(n.) a collection of broken noses from statues and busts
This week’s most popular tweet was the word nasothek, defined as “a collection of the broken noses of statues and busts”.
Derived from the Latin for “nose”, nasus, plus the Greek theke, meaning “repository” or “container”, use of the word nasothek is credited to the Ny Carlsberg Glyptotek art museum in Copenhagen, whose collection of broken noses (so to speak) is out on public display—and is, incidentally, where the picture accompanying our tweet was taken.
But the items in the Ny Carlsberg collection are not impossibly ancient broken antiquities. In fact, they’re a lot more modern than they might first appear.
In the past, a trend existed for restoring broken sculptures to their former glory by attaching modern replicas of any missing appendages—noses, eyes, ears, chins, fingers, and any other anatomical extremity that was liable to fall off. The mind boggles...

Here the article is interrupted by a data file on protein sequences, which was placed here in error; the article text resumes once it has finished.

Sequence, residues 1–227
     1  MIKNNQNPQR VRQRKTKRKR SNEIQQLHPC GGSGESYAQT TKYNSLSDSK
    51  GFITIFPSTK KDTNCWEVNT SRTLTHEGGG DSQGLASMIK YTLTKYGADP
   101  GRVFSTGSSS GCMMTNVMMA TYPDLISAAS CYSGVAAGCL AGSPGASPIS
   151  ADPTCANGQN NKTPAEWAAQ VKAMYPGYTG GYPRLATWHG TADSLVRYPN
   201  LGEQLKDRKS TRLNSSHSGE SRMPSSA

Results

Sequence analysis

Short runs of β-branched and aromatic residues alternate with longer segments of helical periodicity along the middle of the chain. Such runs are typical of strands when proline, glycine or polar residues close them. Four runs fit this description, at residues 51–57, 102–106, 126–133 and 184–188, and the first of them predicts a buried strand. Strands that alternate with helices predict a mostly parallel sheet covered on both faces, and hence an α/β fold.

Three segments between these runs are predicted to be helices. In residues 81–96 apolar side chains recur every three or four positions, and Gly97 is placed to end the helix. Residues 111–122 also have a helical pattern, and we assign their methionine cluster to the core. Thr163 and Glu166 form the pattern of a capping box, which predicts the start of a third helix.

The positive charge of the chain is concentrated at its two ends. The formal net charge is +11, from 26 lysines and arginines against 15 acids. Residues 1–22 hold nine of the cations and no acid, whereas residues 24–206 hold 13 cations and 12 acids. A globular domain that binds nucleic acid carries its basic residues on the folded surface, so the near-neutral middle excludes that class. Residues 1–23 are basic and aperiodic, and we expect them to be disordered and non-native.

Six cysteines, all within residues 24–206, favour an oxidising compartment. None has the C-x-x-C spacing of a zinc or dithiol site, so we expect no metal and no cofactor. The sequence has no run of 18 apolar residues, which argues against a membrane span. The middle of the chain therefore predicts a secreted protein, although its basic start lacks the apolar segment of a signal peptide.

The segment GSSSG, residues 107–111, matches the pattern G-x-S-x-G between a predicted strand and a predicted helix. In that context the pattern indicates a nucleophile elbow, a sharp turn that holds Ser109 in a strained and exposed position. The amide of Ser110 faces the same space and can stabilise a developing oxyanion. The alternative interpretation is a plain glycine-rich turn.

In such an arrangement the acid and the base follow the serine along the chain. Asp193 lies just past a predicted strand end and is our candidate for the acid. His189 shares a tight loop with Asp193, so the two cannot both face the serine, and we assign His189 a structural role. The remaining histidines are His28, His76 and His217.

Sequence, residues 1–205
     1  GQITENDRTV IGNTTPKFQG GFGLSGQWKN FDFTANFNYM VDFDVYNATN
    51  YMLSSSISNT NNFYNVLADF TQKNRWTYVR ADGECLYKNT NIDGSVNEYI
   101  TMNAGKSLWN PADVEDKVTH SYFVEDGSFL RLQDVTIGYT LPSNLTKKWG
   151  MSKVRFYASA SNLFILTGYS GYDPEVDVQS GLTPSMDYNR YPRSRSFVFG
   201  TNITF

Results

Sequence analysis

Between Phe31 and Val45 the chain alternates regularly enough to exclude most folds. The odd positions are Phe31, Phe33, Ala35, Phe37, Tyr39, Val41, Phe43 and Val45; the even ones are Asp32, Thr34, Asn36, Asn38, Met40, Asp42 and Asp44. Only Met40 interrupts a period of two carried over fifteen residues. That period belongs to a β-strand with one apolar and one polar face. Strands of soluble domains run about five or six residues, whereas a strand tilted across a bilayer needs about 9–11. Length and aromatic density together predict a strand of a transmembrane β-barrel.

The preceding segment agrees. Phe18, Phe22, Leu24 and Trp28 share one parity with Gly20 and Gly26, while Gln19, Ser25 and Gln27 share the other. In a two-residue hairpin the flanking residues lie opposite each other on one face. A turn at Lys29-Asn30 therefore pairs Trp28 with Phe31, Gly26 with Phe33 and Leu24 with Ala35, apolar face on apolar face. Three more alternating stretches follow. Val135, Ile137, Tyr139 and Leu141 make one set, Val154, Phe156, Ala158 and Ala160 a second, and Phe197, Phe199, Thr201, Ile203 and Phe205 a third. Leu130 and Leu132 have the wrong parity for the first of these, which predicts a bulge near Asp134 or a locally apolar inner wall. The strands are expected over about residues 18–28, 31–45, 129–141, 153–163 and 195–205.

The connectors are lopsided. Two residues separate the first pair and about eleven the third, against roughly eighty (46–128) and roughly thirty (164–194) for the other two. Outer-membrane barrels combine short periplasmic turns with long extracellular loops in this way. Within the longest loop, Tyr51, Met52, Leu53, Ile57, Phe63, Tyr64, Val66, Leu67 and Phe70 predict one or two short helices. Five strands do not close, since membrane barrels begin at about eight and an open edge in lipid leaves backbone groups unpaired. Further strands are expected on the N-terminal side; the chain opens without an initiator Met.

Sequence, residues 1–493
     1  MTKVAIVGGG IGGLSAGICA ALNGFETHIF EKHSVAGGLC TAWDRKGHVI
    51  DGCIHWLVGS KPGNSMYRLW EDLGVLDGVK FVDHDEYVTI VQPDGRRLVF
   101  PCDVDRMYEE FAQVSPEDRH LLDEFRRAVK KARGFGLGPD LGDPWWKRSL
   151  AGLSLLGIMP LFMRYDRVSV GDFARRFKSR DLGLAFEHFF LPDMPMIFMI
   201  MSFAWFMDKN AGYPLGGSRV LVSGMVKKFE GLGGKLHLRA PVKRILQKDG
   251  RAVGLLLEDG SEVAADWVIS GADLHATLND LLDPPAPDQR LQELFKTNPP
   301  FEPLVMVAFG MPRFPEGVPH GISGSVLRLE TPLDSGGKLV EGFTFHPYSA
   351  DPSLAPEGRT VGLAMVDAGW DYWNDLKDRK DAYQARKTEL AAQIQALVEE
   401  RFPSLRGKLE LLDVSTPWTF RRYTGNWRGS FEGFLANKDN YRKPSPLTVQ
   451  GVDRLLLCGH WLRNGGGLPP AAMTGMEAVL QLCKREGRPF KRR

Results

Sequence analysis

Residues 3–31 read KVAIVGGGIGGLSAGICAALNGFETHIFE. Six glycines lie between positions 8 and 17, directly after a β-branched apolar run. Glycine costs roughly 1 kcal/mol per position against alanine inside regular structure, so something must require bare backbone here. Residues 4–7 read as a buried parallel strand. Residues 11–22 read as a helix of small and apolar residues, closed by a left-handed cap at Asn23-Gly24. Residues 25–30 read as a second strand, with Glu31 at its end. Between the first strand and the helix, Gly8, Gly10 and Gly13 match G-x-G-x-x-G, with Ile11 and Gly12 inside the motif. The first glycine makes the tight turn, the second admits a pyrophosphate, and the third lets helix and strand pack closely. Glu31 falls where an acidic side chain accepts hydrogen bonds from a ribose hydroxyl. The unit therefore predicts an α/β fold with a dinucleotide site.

But over time that trend reversed, so that nowadays complete authenticity is the key to any museum collection. The Ny Carlsberg ultimately opted to “de-restore” their Greek and Roman statuary, breaking off any modern plaster additions in the interests of keeping their displays as original and as authentic as possible. And with dozens of broken noses now on their hands, the museum chose to display them all in a nasothek as a visual reminder of how the trend for art restoration has changed.